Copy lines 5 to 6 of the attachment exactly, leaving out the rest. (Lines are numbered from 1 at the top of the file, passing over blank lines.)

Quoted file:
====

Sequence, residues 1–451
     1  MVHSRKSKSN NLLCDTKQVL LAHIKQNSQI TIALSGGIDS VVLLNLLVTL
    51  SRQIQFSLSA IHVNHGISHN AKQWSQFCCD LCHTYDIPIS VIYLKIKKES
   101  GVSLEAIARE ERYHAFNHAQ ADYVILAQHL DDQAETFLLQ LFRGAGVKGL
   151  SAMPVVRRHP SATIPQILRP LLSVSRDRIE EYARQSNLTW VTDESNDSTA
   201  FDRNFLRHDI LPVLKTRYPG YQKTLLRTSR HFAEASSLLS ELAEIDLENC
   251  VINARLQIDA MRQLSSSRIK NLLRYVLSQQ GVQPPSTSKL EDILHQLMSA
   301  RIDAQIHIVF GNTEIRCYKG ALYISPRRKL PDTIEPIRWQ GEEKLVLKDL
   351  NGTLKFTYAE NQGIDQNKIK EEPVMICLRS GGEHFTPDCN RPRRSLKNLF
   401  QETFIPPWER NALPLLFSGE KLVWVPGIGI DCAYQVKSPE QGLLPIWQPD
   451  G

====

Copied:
   151  SAMPVVRRHP SATIPQILRP LLSVSRDRIE EYARQSNLTW VTDESNDSTA
   201  FDRNFLRHDI LPVLKTRYPG YQKTLLRTSR HFAEASSLLS ELAEIDLENC